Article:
The further to the left or the right you move, the more your lens on life distorts.

Sunday, October 21, 2018

Three Reasons

In a post last week, I discussed the murder of Jamal Khashoggi—an Islamist who also is a strong proponent of the extremist Muslim Brotherhood, a past confidant of Osama Bin Laden, and oh BTW, a very occasional op-ed writer for WaPo who the media insists on calling a "journalist" and a "reformer." I suggested the the Saudi murder of Khashoggi is an example of one Middle Eastern bad actor killing another Middle Eastern bad actor, and that the Democrat and GOP faux outrage over the act seems a little extreme. I also noted that there is far more to all of this than a killing, and that the real truth, whatever it is, is unlikely to surface. It is wheels within wheels.

The Trump Derangement Syndrome crowd, along with the few remaining #NeverTrumpers in the GOP, are clutching their pearls and accusing Donald Trump of complicity in all of this. That's to be expected, but they go further and demand harsh sanctions against a bad guy ally who just happens to be geopolitically necessary.

Ben Weingarten asks a few pertinent questions:
Why has the media and much of the political establishment made the presumed murder of an Islamist Saudi dissident on Turkish soil a defining issue in American foreign policy?

Jamal Khashoggi is not a U.S. citizen, despite his past residence in Virginia, nor is he a lover of liberty, despite his criticism of Saudi Arabia’s despotic regime. He previously served that regime as a mouthpiece for, and adviser to, the alleged al-Qaeda-tied Saudi intelligence leader Turki bin Faisal. Khashoggi mourned the death of Osama bin Laden, whom Khashoggi had been granted unusual levels of access for numerous interviews. Khashoggi was also an ardent proponent of political Islam and the Muslim Brotherhood.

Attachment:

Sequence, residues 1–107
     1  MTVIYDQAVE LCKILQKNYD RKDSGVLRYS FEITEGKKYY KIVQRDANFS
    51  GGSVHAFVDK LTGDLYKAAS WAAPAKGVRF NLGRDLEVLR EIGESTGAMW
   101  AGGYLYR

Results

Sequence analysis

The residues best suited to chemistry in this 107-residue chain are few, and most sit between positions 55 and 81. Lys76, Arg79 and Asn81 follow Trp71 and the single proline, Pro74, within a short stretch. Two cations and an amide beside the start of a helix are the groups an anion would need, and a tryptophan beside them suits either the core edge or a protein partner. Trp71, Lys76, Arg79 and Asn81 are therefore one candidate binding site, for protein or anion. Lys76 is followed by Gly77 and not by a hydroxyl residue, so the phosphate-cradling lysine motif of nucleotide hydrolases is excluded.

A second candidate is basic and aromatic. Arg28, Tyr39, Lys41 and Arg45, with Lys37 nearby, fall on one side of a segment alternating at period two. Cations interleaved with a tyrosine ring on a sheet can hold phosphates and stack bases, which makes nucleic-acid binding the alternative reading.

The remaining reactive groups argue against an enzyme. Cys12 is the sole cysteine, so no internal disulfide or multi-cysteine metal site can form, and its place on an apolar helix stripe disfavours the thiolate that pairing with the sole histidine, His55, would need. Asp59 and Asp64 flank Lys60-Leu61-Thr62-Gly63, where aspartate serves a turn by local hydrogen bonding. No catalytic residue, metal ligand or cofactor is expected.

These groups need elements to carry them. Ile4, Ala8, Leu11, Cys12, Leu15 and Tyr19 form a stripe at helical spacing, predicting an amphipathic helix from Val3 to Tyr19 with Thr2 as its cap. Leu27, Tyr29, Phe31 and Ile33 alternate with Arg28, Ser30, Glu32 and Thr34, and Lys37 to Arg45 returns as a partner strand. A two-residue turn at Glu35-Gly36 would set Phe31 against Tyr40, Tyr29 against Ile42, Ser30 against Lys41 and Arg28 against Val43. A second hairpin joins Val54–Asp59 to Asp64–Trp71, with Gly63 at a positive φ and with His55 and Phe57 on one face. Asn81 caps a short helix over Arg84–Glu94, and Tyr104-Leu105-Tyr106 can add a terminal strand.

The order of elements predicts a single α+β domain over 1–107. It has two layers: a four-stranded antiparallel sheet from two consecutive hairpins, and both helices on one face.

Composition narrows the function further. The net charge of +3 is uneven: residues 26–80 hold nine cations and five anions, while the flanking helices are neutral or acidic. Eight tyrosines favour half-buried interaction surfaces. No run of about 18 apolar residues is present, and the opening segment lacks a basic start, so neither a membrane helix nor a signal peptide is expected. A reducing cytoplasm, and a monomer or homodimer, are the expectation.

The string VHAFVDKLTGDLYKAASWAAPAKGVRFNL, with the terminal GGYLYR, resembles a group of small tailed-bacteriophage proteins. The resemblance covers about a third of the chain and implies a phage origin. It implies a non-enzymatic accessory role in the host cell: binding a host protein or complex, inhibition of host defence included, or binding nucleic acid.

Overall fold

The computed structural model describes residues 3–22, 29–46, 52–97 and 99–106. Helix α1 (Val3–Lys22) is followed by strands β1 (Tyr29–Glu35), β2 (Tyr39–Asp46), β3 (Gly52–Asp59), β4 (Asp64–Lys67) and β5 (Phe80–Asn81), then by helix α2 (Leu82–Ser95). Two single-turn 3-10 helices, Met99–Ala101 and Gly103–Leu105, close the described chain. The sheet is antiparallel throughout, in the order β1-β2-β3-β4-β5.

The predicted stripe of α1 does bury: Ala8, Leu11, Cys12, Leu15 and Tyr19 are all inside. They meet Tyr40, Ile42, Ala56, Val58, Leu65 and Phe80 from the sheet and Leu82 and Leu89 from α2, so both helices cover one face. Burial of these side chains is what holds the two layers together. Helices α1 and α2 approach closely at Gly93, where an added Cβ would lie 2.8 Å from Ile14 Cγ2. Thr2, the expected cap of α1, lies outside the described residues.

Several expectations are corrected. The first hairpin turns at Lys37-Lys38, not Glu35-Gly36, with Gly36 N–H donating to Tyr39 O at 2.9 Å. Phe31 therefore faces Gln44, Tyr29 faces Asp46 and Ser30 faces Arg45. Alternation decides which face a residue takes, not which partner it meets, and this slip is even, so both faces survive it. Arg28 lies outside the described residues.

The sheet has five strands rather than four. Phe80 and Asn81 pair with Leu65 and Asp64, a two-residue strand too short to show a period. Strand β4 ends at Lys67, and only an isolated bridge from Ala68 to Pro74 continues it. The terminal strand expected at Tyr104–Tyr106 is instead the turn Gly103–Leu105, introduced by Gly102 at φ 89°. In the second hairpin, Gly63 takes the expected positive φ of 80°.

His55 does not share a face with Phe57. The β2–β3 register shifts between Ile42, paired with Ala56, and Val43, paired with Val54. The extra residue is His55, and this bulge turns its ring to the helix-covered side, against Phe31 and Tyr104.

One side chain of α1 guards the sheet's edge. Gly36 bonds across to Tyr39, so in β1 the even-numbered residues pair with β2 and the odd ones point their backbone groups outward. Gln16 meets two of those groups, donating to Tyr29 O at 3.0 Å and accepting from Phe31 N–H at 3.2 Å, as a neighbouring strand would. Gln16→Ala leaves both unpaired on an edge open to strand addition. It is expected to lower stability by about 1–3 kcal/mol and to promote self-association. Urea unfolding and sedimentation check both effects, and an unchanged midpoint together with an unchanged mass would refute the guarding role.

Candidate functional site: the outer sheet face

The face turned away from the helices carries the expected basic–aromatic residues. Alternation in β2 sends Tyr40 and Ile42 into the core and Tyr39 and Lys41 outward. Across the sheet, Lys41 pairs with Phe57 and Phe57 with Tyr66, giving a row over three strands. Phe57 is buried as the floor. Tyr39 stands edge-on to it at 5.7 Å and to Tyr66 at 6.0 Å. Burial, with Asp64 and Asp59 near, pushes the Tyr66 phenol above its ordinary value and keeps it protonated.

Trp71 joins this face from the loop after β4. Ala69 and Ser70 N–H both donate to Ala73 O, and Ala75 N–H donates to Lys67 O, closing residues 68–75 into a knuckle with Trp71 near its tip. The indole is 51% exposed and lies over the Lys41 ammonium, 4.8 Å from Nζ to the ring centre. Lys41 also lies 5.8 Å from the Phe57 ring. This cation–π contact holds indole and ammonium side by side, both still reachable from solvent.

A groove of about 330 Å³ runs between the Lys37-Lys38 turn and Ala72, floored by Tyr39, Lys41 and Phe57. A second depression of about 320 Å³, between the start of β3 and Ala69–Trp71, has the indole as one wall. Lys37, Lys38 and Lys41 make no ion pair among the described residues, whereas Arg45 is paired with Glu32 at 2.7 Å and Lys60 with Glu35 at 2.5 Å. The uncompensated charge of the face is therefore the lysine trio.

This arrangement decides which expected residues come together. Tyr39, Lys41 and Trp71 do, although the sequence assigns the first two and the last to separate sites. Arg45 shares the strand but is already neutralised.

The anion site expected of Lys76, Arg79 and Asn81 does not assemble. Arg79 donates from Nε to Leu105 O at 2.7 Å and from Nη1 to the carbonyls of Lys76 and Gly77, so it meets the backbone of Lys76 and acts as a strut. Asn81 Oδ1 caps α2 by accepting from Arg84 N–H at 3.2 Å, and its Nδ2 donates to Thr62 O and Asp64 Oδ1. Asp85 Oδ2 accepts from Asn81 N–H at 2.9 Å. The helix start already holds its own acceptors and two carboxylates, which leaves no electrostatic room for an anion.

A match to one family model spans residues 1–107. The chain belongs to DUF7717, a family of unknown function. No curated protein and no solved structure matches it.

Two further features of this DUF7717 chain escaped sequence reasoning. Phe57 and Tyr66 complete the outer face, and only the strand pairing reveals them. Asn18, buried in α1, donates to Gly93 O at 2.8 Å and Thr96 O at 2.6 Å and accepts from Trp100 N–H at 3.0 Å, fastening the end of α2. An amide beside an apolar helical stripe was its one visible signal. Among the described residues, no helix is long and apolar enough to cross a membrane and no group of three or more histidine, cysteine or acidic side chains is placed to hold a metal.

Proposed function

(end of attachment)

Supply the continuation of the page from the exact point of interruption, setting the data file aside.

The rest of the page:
Needless to say, one wonders why Khashoggi was permitted to enter the United States and handed a column at The Washington Post given this background, particularly at a time our media claims acute sensitivity to foreign influence. One also wonders why so many in the media are quick to fawn over such a figure given his regressive views.

... surely our media and political establishment are not blind to the brutality and censorship that characterizes the regimes of the Islamic world, whether in Riyadh, Ankara, or Tehran. Nor are they deaf to the proxy war taking place in any of a number of theaters with Iran, intense jockeying for relations with the Trump administration and much else that divides Saudi Arabia and other Sunni Arab nations like Egypt and the United Arab Emirates on the one hand, and Turkey and Qatar on the other.
So ... why all the hysteria?

Weingarten provides three reasons why the volume has been turned up to 11 on this incident:
First, Khashoggi is being used as a cudgel against President Trump’s foreign policy.
The Saudis are a primary ally in the war against Islamic terror and its primary sponsor, Iran. The political establishment was infuriated that Trump unwound Barack Obama's Iran "deal" and would like nothing better than to see Trump's Saudi gambit fail, particularly because it has hamstrung Iran and makes the actions of the Obama administration vis a vis Iran look ridiculous.

Here is a sample of Khashoggi's writing in WaPo:
There can be no political reform and democracy in any Arab country without accepting that political Islam is a part of it … the only way to prevent political Islam from playing a role in Arab politics is to abolish democracy, which essentially deprives citizens of their basic right to choose their political representatives …